Ceres is the largest body in the main asteroid belt. It was recently explored by the Dawn mission to uncover strong similarities with other icy bodies. The morphological features observed on the surface of Ceres indicate a relatively wide range of water ice concentrations, leading us to investigate the magnitude and distribution of crustal density heterogeneities, and to consider whether they could have caused a reorientation of Ceres. Here, we present three independent and corroborating lines of evidence for the true polar wander of Ceres. Thanks to the global gravity inversion approach applied to the shape and gravity data of Ceres, we find crustal density heterogeneities up to approximately ±0.3 g cm−3, with a prominent positive density anomaly aligned with the equator, in the region of Ahuna Mons. The topography shows the remnants of an equatorial ridge compatible with the position of the palaeo-equator, and indicates that Ceres reoriented by approximately 36°, with the palaeo-pole following an indirect path to the current pole of Ceres. The tectonic patterns generated by the true polar wander are in close agreement with the location and orientation of the Samhain Catenae and Uhola Catenae crustal fractures. These results highlight the complex interior structure and richness of processes taking place in Ceres-scale icy bodies.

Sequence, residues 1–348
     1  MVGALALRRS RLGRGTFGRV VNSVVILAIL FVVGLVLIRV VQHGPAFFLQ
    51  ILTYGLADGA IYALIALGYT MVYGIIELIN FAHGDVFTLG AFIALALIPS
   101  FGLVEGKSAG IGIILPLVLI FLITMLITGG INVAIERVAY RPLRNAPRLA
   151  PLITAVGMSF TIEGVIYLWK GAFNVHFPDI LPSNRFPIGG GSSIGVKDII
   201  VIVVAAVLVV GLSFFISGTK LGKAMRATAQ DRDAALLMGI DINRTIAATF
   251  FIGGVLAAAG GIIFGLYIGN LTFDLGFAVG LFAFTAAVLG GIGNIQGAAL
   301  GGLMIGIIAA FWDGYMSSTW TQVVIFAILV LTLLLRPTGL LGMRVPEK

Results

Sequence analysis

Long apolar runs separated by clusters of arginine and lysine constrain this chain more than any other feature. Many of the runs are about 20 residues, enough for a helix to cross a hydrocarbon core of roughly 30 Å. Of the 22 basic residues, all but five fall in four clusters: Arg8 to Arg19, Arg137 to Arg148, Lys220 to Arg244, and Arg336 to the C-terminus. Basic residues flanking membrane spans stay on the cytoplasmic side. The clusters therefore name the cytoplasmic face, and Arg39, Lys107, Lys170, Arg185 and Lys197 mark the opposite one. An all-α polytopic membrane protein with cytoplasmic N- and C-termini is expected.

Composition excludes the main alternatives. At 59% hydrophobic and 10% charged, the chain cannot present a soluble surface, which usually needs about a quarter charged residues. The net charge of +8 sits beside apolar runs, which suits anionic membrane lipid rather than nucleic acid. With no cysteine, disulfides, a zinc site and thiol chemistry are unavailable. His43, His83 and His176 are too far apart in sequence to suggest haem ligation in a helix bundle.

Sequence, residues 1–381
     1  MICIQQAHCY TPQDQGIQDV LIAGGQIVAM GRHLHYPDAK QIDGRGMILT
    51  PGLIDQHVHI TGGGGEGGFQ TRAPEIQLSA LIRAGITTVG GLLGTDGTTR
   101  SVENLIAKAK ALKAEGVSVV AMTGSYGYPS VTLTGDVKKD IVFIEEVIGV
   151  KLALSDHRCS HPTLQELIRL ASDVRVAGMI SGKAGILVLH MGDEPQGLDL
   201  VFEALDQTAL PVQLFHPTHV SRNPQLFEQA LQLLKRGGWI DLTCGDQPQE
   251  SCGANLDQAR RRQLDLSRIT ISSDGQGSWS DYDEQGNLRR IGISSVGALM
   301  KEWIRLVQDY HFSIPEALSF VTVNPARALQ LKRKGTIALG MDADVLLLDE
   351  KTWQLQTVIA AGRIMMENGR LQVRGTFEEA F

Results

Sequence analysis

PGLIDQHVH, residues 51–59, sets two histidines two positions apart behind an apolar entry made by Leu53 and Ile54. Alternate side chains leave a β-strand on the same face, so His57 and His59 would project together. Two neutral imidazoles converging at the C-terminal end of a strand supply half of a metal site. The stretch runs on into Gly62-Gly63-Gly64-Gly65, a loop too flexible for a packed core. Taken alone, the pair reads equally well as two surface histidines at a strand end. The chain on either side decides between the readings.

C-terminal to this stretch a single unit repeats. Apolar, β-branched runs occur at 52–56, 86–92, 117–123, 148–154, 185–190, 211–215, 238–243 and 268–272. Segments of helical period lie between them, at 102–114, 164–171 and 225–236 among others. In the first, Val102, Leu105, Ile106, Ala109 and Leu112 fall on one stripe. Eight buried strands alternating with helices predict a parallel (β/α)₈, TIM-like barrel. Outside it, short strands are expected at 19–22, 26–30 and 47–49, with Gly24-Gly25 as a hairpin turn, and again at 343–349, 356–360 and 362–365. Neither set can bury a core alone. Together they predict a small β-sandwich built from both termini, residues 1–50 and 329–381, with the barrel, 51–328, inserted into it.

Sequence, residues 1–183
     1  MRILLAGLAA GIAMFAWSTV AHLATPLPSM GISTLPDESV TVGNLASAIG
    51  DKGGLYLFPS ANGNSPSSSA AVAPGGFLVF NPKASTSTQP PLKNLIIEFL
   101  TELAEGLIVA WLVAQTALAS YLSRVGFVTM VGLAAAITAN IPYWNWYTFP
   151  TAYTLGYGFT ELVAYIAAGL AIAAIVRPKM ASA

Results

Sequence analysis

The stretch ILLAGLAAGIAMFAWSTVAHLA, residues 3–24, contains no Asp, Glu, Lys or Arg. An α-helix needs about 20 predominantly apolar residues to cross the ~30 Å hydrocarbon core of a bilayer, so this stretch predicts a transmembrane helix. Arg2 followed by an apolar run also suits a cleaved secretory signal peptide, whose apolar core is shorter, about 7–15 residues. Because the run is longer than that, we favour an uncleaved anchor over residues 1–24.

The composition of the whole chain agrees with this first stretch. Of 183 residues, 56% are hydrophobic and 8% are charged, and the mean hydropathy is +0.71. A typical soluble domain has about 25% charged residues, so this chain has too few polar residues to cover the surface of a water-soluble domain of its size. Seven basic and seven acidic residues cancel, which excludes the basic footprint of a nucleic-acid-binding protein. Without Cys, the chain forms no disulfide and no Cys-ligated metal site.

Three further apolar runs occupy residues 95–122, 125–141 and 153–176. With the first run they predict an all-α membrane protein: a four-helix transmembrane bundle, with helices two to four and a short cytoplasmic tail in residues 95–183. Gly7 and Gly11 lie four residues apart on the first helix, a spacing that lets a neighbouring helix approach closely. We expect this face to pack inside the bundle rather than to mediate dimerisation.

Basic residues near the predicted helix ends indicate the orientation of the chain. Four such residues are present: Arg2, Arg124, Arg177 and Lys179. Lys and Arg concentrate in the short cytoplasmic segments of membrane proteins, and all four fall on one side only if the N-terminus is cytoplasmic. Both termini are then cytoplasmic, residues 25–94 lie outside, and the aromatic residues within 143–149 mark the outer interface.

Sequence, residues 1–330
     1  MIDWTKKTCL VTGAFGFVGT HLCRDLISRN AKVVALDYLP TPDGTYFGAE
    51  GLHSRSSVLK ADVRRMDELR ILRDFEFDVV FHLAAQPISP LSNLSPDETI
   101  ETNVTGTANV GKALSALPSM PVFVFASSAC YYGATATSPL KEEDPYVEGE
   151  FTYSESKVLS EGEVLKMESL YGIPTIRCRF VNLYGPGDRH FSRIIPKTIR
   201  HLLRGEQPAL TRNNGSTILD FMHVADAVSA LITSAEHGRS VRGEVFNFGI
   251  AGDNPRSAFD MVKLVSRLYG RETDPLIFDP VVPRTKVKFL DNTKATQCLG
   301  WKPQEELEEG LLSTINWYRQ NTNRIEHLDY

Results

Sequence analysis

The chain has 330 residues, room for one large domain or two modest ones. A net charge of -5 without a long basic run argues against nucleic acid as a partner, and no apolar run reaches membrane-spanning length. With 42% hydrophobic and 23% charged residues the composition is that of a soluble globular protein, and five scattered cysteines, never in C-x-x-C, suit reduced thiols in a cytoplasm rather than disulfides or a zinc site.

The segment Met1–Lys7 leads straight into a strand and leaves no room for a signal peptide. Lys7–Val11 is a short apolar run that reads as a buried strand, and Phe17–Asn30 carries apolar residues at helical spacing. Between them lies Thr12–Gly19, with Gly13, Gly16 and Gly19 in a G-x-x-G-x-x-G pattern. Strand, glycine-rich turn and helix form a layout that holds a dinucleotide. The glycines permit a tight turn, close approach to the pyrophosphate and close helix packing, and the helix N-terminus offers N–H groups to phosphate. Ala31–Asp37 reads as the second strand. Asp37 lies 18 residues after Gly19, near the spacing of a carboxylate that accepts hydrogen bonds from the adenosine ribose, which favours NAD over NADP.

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The Ceres shape and gravity data from the Dawn mission are available through the NASA Planetary Data System Small Bodies Node (https://sbn.psi.edu/pds/resource/dawn/). The data that support the findings of this study are available on request from the author.
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I am grateful to the Dawn team for the Ceres data, and to M. Sykes for the long-time encouragement and support. I thank G. Mitri for insightful discussions. This research is supported by NASA grants NNX16AB60G and NNX10AR20G.
The author declares no competing interests.
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Tricarico, P. True polar wander of Ceres due to heterogeneous crustal density. Nature Geosci 11, 819–824 (2018). https://doi.org/10.1038/s41561-018-0232-3
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